March 2019

How to Optimize Cash Flow When Inventory and Receivables Tie It Up

3 minute read

When inventory management ties up your cash and adds warehousing costs, these smart corporate credit moves can free up cash flow.

Inventory management can be a big hassle for small businesses. You've got to have it, but it often ties up your cash and adds warehousing costs.What if you could use your corporate credit card to make it easier and more cost-effective?

Planning for seasonal peaks

You've got a store that gets more traffic around certain events, or your business has a higher demand at specific times of year. Naturally, you want to take advantage of the increased opportunities, but to do that, you have to be ready to sell. So you place your orders months ahead of time, receive and inventory them before the rush and then wait for it to begin. Meanwhile, you're incurring storage costs until you can sell what you're sitting on.

Right products, right time, right price

You can use American Express to take advantage of “just-in-time" (JIT) delivery. JIT—getting the right products at the right time—has been used by the manufacturing sector and large retail chains for decades. JIT saves money because companies accept deliveries directly at the stores or smaller warehouses right when the products are needed, and therefore spend less on storage real estate and associated costs.

As a small business, you can apply JIT principles by first reviewing the volume of your purchases and the timing of your sales. On the purchase side, Amex accounts include reports across categories and vendors, so you can use that information to negotiate volume discounts. And while you're negotiating, see if you can get seasonal items delivered in smaller amounts at more frequent intervals to match with your expected pace of sales.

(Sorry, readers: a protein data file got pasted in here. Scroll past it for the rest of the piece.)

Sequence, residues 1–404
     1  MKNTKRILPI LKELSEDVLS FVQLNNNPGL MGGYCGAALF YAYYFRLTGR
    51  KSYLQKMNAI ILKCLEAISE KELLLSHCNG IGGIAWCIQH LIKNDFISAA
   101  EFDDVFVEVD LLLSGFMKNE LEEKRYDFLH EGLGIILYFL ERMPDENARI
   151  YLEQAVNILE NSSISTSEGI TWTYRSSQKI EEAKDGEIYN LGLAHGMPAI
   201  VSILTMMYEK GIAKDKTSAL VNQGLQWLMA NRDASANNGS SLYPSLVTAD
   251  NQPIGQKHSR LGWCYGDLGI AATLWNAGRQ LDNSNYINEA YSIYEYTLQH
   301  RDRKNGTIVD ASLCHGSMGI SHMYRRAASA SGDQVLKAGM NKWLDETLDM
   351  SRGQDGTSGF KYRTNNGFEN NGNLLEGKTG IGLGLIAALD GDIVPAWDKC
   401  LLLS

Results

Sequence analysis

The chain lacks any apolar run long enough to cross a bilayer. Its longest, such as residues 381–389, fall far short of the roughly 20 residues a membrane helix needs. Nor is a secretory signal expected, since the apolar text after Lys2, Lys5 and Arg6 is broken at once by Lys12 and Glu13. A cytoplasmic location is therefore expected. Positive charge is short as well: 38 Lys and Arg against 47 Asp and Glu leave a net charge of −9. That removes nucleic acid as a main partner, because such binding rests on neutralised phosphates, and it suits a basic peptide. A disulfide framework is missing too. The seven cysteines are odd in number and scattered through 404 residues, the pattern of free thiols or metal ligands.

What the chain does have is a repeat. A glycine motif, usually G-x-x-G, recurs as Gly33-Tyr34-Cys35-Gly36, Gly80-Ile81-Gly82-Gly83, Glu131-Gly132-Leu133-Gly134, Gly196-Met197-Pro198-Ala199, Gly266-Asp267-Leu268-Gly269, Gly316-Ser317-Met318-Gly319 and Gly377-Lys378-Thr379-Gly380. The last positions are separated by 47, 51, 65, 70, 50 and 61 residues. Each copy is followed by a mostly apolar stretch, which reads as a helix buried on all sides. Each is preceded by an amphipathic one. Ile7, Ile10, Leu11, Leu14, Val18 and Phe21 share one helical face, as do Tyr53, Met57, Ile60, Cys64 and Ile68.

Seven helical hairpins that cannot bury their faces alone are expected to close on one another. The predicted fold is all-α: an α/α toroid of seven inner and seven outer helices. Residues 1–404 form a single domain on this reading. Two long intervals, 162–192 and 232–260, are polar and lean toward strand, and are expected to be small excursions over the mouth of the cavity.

Staggered ordering, deliveries and payments will reduce the amount you're keeping in inventory, which can lessen your real estate expenses. Your supplier might also appreciate the inventory opportunities they'd get from staggering their deliveries to you.

While making smaller orders could seem like something that will generate more of a workload processing individual bills, automatic supplier payments and consolidated statements from Amex reduce such tasks while helping you track your spending.

Slow receivables and carrying/holding costs

Any time of year, one of the challenges of inventory management is the time gap between paying for it and reconciling your customers' 30- to 60-day terms. Although your cash may be locked up in your stock, there are a couple of ways to unlock it before you can actually sell it.

First, by using your card to purchase that stock, you can take advantage of Amex's interest-free grace period for up to 55 days1. That lets you extend your float so you can leverage cash on-hand to meet the next set of orders.

Second, after you've used Amex's category and vendor reports to negotiate volume discounts, you can reduce your costs further by applying your Membership Rewards points against the cost of your purchases.

Seize opportunities in any season

Sometimes it can be worth it to carry additional inventory. For example, if you're a seasonal business, you might be able to acquire deep-discounted stock during off-periods, take advantage of a supplier's special pricing or buy something in bulk at auction. Amex can help with that, too—with no preset spending limit, you're free to buy what you need when you need it.

Want to learn more about how an Amex card can reduce your business costs? Compare cards online or call us at 1-877-891-0821.

1 As a charge card, the balance must always be paid in full each month in which no interest charges will apply. The interest free grace period is 28, 29, 30 or 31 days from the closing date of the current statement to the closing date of the next statement depending on the number of days in the calendar month in which the closing date occurs. The number of interest free days varies based on a variety of factors, including when charges are posted to your account, whether your account is in good standing, and the closing date of your statement